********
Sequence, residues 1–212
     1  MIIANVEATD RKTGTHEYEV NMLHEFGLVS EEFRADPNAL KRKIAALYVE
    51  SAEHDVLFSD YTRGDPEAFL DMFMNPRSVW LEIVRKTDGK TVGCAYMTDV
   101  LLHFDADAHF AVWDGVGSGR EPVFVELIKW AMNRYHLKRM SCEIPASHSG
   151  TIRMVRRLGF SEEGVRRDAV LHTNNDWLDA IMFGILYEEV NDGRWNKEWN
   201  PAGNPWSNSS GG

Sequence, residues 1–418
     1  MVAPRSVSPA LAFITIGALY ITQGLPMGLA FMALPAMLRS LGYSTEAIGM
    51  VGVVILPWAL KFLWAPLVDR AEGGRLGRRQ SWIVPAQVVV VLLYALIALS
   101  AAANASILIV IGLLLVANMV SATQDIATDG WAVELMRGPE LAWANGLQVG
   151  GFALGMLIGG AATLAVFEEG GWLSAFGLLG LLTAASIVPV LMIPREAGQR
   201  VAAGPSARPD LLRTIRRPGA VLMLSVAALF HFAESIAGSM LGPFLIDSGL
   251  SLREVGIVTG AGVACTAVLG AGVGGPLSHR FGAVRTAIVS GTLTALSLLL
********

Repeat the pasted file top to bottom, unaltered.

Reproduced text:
Sequence, residues 1–212
     1  MIIANVEATD RKTGTHEYEV NMLHEFGLVS EEFRADPNAL KRKIAALYVE
    51  SAEHDVLFSD YTRGDPEAFL DMFMNPRSVW LEIVRKTDGK TVGCAYMTDV
   101  LLHFDADAHF AVWDGVGSGR EPVFVELIKW AMNRYHLKRM SCEIPASHSG
   151  TIRMVRRLGF SEEGVRRDAV LHTNNDWLDA IMFGILYEEV NDGRWNKEWN
   201  PAGNPWSNSS GG

Sequence, residues 1–418
     1  MVAPRSVSPA LAFITIGALY ITQGLPMGLA FMALPAMLRS LGYSTEAIGM
    51  VGVVILPWAL KFLWAPLVDR AEGGRLGRRQ SWIVPAQVVV VLLYALIALS
   101  AAANASILIV IGLLLVANMV SATQDIATDG WAVELMRGPE LAWANGLQVG
   151  GFALGMLIGG AATLAVFEEG GWLSAFGLLG LLTAASIVPV LMIPREAGQR
   201  VAAGPSARPD LLRTIRRPGA VLMLSVAALF HFAESIAGSM LGPFLIDSGL
   251  SLREVGIVTG AGVACTAVLG AGVGGPLSHR FGAVRTAIVS GTLTALSLLL